Whether commanding the giant argent B-52 Flying Fortress that is
Silver Ginger 5 or driving the
all-weather all-terrain armoured humvee that is the Wildhearts experience, you can always expect more than enough and better than best from the man they call Ginger. Drawing upon a colourful rock n’ roll history having spent time in The Letters, The Cups (sister band to The Saucers!),Zig
Zag, Ipanema Katz, Avenger, Peter Panics, Beki Bondage, The Quireboys and The Throbs, Ginger formed a proto-Wildhearts in 1989 and from then on the ride got wilder, the highs got higher and rock music just got better exponentially.
Half a decade after they had really begun to make their mark, the Wildhearts imploded in 1997 after a journey that’s probably documented in a file somewhere marked ‘Ultimate Adventure’. Still bristling with ideas and a seriously itchy trigger finger, Ginger sunk his teeth into a number of projects including a 12-piece band that went by the moniker Eureka but never really saw the light of day. There was also the Unrehearsed who were a covers outfit that lasted one gig. First project to make it to the acetate was the brilliant and deranged
Clam Abuse, the other half of which was Alex Kane. Making some ultra-distorted rock n’ roll riffery in
SuperShit 666 with Dregen (Backyard
Babies) and Nick (Hellacopters) was also on the cards. In between all of this Ginger was also submitting songs in an effort to make Alice Cooper look good at least on one more occasion and helping the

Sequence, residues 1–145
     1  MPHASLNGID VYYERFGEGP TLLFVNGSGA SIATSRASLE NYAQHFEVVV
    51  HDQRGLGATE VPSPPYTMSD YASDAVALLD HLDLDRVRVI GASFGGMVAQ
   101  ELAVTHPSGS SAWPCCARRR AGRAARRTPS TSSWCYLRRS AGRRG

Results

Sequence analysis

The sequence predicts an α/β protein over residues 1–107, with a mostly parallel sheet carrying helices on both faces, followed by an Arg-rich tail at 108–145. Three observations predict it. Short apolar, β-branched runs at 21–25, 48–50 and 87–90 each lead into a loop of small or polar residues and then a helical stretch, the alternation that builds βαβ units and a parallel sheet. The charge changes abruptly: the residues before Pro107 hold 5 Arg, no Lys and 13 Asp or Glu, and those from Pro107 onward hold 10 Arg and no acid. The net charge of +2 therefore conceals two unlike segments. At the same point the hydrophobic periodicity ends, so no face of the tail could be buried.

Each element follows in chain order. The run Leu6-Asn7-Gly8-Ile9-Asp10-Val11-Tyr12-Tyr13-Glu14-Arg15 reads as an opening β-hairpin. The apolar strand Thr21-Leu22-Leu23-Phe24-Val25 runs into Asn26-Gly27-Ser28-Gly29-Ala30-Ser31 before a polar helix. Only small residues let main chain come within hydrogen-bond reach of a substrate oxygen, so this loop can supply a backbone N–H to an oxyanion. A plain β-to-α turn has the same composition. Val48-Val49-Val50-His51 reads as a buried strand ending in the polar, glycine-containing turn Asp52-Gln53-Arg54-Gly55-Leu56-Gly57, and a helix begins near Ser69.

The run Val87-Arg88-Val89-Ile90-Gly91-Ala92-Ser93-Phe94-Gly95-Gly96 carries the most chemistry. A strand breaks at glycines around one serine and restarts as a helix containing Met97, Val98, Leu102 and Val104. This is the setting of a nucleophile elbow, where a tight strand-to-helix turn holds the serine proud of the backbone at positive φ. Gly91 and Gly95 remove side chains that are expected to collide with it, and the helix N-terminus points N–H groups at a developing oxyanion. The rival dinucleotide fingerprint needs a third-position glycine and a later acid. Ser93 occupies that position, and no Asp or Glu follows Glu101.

Backyard Babies write their next long awaited album.
Still bubbling under in the man’s subconscious was something of more solid proportions, something for emulating the essence of everything else that Ginger was looking to explore, hence the solo album that became
Mojo” and the band that became The SG5 (Silver Ginger 5 to everybody else ’cept you and me). That was, and still is, rock n’ roll for the year 2000 and beyond.
Ambitious a project as Silver Ginger 5 is, it’s not the last of what’s on Ginger’s king-size plate. A mammoth twelve singles in twelve months undertaking is underway and after a little teething trouble, “The Singles Club” looks to be shaping up in style as an outlet for all other things musical within Gingers capability i.e. all genres, all types, all in - everything.
The culmination of a years hard recording looks to be simultaneously released A and B-sides albums albums for the masses but not before even more ideas and inklings are toyed with - new recordings for the reformed Wildhearts, cover songs and country songs, the list is endless (though not necessarily nameless [!]). A book that was started once upon a time, provisionally titled “The Wildhearts Must Be Destroyed” may yet line the bookcases of rock n’ roll libraries the world over, even though shelved (a little too revealing in places apparently).
Popular myth decrees that the devil has all the best tunes. Myth is myth however, and make no mistake, Ginger is the man with the monopoly, the air guitar marshal, of most excellent